LONDON — It was repeated like a mantra throughout the election campaign. Prime Minister Boris Johnson really, really wanted voters to know he was going to "get Brexit done."
This promise helped propel his Conservative Party last week to its most emphatic election victory in three decades.
It means Johnson looks certain to finally pass a Brexit deal in Parliament on Friday after years of political deadlock, a huge symbolic moment that will ensure Britain leaves the European Union next month.
So Brexit will be "done," right?
The most likely answer is no.
Britain appears headed for at least another 12 months of potentially tortuous negotiations over the terms of its departure from the European Union.
"Actually resolving what Brexit is going to look like going forward, and what that means for businesses and citizens is a whole new task," said Maddy Thimont Jack, a senior researcher at the Institute for Government, a London think tank. "And the British government has a very, very tight time frame in which to do it."
Brexit was always meant to be a two-stage process.
The turmoil since its 2016 Brexit referendum has largely concerned the first phase: the divorce itself. Getting over this hurdle will indeed be a huge symbolic moment.
Whereas his predecessor, Theresa May, suffered a series of humiliating defeats, Johnson's power in Parliament means he will easily pass his Withdrawal Agreement Bill on Friday and should deliver Brexit by the deadline of Jan. 31.
On Thursday, his fledgling government will present its legislative program in what's known as the Queen's Speech. (The monarch doesn't write it, she just reads it out.)
Johnson's stunning election victory was also the death knell for those who harbored dreams of putting Brexit to a second referendum or scrapping it entirely.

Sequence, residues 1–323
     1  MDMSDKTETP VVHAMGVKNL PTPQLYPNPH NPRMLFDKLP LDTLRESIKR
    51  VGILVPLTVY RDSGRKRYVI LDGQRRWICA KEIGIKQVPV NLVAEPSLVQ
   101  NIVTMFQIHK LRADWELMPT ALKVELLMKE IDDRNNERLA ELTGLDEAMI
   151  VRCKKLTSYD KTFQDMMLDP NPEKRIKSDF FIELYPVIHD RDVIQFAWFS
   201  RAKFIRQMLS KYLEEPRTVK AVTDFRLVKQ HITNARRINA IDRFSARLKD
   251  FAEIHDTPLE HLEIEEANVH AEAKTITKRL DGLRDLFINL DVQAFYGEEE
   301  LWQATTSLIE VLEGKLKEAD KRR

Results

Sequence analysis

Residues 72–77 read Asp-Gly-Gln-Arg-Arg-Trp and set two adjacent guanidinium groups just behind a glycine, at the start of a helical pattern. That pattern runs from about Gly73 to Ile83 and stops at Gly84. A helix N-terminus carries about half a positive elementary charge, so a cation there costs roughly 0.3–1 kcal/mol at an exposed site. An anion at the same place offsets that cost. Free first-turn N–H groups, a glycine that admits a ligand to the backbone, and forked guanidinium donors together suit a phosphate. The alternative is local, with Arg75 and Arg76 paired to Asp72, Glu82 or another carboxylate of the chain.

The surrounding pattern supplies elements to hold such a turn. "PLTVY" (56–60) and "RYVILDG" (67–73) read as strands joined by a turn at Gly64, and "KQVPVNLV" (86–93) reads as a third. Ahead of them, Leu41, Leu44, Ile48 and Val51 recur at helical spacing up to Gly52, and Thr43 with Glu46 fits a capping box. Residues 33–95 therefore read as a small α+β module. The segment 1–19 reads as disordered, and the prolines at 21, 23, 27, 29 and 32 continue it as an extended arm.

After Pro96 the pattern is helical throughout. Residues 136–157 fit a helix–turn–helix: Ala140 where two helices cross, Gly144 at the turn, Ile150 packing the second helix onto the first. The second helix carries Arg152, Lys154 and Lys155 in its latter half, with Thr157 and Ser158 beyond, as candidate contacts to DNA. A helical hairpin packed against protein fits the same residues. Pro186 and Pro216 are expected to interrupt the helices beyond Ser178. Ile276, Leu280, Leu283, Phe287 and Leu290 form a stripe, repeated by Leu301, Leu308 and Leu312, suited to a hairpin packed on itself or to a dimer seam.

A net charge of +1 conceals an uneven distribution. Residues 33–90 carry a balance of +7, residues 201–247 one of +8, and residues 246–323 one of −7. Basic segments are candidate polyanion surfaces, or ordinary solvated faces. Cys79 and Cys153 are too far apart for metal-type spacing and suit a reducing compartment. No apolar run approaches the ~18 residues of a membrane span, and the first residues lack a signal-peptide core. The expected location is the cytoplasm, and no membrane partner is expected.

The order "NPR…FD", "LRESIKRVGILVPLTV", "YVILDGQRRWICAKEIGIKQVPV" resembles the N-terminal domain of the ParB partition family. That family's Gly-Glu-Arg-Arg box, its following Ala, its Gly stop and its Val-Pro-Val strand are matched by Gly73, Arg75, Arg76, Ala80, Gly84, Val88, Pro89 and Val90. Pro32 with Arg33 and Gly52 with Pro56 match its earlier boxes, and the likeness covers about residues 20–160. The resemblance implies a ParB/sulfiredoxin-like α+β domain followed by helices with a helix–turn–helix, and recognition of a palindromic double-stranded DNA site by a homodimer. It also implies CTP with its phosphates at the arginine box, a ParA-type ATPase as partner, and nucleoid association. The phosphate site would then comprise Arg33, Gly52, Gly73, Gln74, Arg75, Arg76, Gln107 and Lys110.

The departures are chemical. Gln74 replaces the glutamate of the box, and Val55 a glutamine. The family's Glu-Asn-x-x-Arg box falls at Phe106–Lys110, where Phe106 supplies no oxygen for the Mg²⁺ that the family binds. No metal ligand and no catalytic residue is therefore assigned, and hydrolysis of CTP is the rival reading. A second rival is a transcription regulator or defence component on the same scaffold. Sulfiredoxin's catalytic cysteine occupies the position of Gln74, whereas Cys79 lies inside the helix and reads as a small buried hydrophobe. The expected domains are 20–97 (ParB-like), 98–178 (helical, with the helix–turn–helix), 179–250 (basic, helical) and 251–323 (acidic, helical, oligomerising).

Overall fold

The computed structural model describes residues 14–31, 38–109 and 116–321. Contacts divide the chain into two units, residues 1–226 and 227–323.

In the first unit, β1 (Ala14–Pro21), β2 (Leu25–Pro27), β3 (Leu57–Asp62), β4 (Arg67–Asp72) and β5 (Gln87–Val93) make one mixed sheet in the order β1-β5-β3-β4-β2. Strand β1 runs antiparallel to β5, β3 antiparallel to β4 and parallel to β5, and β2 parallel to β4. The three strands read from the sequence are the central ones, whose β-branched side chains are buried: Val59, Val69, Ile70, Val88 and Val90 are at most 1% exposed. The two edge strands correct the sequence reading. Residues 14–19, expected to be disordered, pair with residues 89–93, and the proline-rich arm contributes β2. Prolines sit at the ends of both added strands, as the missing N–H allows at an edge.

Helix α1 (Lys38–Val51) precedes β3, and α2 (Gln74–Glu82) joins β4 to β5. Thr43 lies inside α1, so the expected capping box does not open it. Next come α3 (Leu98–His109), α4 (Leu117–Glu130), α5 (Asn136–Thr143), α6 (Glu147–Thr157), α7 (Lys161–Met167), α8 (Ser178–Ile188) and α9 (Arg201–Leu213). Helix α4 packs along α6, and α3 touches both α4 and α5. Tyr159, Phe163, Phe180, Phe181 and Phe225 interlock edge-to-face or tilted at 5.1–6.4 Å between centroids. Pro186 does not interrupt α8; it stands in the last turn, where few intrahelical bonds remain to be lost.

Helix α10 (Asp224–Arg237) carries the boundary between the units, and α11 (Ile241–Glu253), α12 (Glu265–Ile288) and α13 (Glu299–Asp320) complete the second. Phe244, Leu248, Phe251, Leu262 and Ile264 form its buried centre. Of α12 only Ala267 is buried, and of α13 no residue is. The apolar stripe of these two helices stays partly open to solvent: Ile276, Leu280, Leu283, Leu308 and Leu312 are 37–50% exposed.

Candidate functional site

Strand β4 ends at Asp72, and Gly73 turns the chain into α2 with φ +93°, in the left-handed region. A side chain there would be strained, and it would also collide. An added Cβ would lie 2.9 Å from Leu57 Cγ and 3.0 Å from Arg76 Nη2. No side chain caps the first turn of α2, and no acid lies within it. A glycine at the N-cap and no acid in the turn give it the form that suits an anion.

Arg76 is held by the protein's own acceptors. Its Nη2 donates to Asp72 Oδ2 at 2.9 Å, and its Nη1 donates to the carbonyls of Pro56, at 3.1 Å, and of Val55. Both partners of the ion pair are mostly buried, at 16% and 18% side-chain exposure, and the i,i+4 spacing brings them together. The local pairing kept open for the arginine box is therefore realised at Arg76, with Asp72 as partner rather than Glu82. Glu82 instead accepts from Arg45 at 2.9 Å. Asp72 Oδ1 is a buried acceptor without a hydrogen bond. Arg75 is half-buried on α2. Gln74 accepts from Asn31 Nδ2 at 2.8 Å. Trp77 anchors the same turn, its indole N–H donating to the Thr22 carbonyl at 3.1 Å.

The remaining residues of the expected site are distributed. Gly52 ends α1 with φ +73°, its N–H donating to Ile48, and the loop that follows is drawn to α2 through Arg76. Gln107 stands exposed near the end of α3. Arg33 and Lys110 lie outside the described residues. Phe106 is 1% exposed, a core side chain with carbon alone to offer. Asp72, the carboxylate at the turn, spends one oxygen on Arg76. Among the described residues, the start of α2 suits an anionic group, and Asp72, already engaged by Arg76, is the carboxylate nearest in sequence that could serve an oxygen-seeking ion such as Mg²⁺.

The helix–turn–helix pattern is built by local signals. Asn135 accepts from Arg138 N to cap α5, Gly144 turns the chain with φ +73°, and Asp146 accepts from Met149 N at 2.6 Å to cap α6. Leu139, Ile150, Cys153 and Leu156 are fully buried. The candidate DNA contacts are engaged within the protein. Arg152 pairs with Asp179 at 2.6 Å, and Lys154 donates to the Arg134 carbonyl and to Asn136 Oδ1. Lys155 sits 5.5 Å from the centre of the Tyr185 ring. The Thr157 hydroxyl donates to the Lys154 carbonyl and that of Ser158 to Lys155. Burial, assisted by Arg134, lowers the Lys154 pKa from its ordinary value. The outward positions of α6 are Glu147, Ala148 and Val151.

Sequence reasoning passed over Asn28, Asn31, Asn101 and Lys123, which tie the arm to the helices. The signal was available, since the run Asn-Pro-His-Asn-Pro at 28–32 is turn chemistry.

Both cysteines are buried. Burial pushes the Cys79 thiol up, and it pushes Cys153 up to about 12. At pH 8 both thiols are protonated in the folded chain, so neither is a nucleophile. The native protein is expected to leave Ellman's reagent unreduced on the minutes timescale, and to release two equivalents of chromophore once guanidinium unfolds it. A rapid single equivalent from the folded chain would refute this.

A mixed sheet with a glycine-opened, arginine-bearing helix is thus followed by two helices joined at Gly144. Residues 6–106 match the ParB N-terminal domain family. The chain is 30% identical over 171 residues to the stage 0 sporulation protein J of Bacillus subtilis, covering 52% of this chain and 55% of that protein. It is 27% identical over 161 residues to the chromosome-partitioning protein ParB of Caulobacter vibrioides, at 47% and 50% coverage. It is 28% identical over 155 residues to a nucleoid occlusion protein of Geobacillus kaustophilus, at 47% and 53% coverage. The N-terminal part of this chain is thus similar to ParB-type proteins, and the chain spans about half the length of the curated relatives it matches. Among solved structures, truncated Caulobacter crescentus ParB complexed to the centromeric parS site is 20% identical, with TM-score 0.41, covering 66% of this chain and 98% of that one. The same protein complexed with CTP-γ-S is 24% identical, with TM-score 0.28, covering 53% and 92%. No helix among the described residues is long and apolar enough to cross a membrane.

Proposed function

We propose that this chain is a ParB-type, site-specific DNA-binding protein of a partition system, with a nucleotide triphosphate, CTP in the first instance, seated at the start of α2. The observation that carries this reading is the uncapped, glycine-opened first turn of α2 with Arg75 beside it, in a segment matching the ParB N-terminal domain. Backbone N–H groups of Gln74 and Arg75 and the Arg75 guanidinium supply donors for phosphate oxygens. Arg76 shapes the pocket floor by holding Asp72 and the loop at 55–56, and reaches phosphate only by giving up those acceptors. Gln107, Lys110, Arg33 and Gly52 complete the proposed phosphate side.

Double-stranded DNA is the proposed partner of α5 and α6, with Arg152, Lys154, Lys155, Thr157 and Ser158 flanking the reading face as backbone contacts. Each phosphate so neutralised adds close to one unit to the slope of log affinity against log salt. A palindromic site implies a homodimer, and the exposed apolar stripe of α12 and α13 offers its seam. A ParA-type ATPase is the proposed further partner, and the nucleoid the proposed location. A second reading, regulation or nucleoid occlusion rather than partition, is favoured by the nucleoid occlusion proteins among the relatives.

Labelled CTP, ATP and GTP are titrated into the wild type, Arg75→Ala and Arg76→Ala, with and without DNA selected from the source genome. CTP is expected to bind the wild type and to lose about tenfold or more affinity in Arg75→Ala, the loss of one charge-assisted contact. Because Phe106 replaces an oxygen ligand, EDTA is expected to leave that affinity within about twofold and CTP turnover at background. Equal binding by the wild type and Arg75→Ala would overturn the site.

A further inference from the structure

But the divorce — always meant to be the easy part — is simply the end of the beginning of the process of withdrawal. Next comes the negotiation on the future post-marital relationship with Europe.
All the while, President Donald Trump has made no secret he wants his own bilateral agreement with London — suggesting that certain European demands might clash with his own.
There are myriad moving parts.
London and Brussels are bound by 40 years of rules and regulations that govern the smallest and most overlooked corners of everyday life.
Deciding what to scrap and what to keep would be tough at the best of times. And time is one thing Johnson doesn't have.
First, the United Kingdom will enter a transition period until December 2020, acting like an E.U. member while negotiations continue. Johnson has already signaled he will rule out extending this date.
"This Parliament is not going to waste the time of the nation in deadlock and division and delay," he told the House of Commons this week.
Johnson's allies say this will give him leverage by convincing Europe he means business. But this act of brinkmanship also increases the chance of the U.K. leaving without a deal at all.
This "no deal" Brexit is widely considered the nightmare scenario — raising the possibility of shortages of food and medicine, civil unrest, and conflict in Northern Ireland.
"The risk of no deal in December 2020 is higher than many think," former government adviser Raoul Ruparel wrote in a briefing paper last week.
By ruling out an extension, Johnson spooked financial markets, the pound slipping by as much as 0.7 percent against the dollar Tuesday after its 18-month peak following Johnson's election.
Meanwhile, many in Brussels see the move as one that harms the U.K. more than any of the remaining 27 member states. Countries such as Ireland and France are projected to suffer economically in the event of no-deal — but none more so than the U.K. itself.
This looming possibility has already rekindled calls for Scottish independence, and even talk of Northern Ireland breaking away from Britain and reuniting with the Irish Republic to the south.
There are many unknowns, not least of which is what each side is prepared to concede.
Johnson says he wants a "fantastic" free trade agreement, removing tariffs and other restrictions on goods. "But apart from that, he has been light on detail in terms of what exactly he wants," Jack of the Institute for Government said.
Europe will want concessions in return for access to its market. It's eager to avoid London becoming "Singapore-on-Thames" — outmatching the bloc by retaining European market access while slashing its own domestic regulations.
"The only thing we know is that the U.K. leaving the E.U.," Jack added. "We don't really know anything else at this point."